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Officials take stance on remapping

The state's congressional Republicans ask the governor to include the House in plans. Pelosi, who favors a national standard, vows a fight.

June 27, 2007|Nancy Vogel | Times Staff Writer

SACRAMENTO — California's congressional Republicans united Tuesday in support of independent redistricting, leaving House Speaker Nancy Pelosi and her fellow Democrats as holdouts on a nonpartisan redrawing of the state's House districts.

All 19 Republican representatives signed a letter urging Gov. Arnold Schwarzenegger to include Congress, along with the Legislature, in pending plans to revamp the way political boundaries are determined. "It is vital that any reform undertaken must include congressional districts," the letter said.

"We're putting people before politics," said Rep. Kevin McCarthy (R-Bakersfield), who gathered the 19 signatures.

In the past, some in the state's congressional GOP delegation have opposed independent redistricting for the House.

The united stance puts the Republicans at odds with Pelosi (D-San Francisco), who has said that letting average citizens, rather than state legislators, perform the once-a-decade task of redoing congressional districts could jeopardize her party's tenuous majority in Congress.

Legislative leaders say she has also warned that she would raise millions to defeat any redistricting overhaul that included Congress.

The governor and legislative leaders are pondering several redistricting proposals, one of which they hope to put before voters on the February presidential primary ballot. Three of the four pending measures would include Congress.

Signing the letter was an about-face for a few Republicans. Two years ago, when their party held the majority in the House, Reps. John T. Doolittle of Roseville and David Dreier of San Dimas urged Schwarzenegger to exempt Congress from a ballot measure under which retired judges would have drawn the political maps.

Voters defeated that measure.

Dreier and Doolittle did not return calls seeking comment Tuesday.

At stake is a complicated task with powerful, long-lasting effects on who gets elected to the Legislature and Congress, how hard they must work to get elected and which party wields power.

Political boundaries can be drawn to distribute Democratic and Republican voters evenly within districts and force candidates to campaign mightily. Or they can be drawn with such a preponderance of voters of one stripe that politicians are practically guaranteed reelection.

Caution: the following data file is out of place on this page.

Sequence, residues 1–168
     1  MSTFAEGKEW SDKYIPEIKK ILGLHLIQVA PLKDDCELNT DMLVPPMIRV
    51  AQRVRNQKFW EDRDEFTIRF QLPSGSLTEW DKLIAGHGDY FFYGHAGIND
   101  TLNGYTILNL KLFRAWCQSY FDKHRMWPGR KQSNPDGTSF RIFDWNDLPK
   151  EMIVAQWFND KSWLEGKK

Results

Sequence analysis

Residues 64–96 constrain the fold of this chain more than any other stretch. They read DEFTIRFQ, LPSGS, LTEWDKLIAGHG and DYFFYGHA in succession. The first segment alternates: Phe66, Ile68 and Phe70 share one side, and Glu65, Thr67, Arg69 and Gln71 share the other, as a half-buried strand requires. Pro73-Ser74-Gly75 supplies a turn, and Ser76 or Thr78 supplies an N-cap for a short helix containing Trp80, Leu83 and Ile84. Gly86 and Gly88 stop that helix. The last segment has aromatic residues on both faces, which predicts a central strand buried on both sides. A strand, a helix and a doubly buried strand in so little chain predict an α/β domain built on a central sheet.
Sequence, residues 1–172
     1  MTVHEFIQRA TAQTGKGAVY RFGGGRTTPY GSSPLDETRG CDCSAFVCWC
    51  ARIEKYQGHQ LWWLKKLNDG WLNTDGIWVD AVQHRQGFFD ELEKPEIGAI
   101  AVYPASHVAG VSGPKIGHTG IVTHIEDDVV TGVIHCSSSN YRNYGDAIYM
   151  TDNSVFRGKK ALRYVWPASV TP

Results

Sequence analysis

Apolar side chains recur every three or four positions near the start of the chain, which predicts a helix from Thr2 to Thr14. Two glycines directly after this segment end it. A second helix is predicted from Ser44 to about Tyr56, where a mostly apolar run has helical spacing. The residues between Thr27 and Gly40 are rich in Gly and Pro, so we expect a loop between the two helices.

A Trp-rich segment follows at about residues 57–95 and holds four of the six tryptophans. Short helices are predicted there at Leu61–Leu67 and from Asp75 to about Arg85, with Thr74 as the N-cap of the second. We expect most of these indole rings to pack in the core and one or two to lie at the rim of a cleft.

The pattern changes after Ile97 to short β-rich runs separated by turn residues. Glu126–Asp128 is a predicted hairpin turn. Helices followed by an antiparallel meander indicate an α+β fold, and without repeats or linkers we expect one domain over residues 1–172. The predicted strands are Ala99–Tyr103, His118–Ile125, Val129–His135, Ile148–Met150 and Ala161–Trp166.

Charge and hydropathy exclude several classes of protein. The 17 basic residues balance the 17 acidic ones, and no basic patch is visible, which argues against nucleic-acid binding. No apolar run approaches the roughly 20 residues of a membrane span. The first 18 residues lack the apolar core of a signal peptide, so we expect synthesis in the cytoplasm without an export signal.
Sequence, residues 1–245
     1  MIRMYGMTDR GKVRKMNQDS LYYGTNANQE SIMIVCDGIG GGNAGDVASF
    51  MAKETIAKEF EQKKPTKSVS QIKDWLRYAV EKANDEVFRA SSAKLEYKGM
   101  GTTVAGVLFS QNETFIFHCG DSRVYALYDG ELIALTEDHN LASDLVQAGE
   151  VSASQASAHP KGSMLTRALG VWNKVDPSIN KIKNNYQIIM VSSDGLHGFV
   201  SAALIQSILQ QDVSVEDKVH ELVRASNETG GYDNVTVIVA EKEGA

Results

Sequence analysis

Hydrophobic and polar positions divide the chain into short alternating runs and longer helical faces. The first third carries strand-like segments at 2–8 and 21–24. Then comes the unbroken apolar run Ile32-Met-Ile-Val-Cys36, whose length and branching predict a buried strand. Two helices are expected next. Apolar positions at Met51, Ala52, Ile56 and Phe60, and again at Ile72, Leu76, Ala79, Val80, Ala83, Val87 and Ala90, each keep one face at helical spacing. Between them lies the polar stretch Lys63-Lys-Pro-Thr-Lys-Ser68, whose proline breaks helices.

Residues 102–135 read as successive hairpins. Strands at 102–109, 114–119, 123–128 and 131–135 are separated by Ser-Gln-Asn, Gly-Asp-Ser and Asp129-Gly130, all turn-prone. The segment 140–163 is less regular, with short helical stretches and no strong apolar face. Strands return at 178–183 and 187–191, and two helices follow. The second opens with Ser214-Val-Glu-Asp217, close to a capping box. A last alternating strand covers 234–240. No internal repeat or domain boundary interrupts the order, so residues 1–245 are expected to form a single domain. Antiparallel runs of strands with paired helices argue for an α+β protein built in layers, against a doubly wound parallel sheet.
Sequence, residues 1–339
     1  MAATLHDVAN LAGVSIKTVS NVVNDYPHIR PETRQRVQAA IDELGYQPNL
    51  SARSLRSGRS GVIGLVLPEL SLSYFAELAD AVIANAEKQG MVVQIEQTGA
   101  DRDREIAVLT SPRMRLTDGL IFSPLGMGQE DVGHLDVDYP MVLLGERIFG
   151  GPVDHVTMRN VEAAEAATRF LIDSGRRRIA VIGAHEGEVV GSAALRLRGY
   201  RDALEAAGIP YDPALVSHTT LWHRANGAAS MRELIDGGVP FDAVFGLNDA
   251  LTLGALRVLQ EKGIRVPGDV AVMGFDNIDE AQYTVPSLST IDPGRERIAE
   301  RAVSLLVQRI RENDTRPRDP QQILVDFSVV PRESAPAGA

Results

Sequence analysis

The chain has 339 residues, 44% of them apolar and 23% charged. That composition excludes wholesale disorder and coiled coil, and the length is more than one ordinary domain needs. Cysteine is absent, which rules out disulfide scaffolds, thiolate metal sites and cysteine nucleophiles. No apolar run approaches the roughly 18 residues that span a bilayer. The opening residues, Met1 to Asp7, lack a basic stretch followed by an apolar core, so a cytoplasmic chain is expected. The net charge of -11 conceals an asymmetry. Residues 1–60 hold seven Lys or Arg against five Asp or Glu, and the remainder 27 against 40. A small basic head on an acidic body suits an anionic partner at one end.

California's current political map was drawn in 2001 by state lawmakers, who virtually locked in the existing balance of power. In the 2004 and 2006 general elections, only one congressional seat and no legislative seats changed parties.

Schwarzenegger argues that the current situation amounts to politicians picking their voters. He has said repeatedly that both congressional and legislative boundaries should be drawn by an independent commission that will not contort maps for partisan advantage.

The letter from Republicans "really shores up" the governor's position, and isolates Pelosi and other Democrats, said Assembly Republican Leader Michael Villines of Clovis. "I think it puts a lot of pressure on them to justify this broken system," he said.

Pelosi prefers a national standard, so all states use independent redistricting commissions, said her spokesman Drew Hammill. "We would have to see the specifics of any California proposal, but she maintains a strong preference for a national standard," he said.

State lawmakers are expected to hammer out a redistricting measure with Schwarzenegger later this summer, after they complete a budget for the next fiscal year.

The only proposal in the Legislature that would exempt Congress from independent redistricting -- SCA 9 -- was written by state Sen. Roy Ashburn (R-Bakersfield). He said he agreed with Pelosi that if politics were stripped from redistricting in California while other states skewed districts to protect incumbents, the Golden State's clout could suffer.

"The U.S. House of Representatives is a national body, and the Congress functions based on seniority and majority," Ashburn said. "I do not want California disadvantaged in any way."

There is also the practical matter of Pelosi's opposition, Ashburn said. Remapping is such an arcane, confusing matter to voters that any campaign against a redistricting ballot item would probably kill the measure, he added.

If Congress "is included in the proposal next February, it will be defeated," he said.

nancy.vogel@latimes.com

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